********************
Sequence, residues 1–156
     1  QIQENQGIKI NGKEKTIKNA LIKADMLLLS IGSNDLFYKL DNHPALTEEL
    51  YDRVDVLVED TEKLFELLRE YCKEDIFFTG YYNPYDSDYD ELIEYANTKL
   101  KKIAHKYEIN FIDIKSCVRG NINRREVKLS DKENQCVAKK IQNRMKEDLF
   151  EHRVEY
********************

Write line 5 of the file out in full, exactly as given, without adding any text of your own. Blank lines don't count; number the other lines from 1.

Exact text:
   151  EHRVEY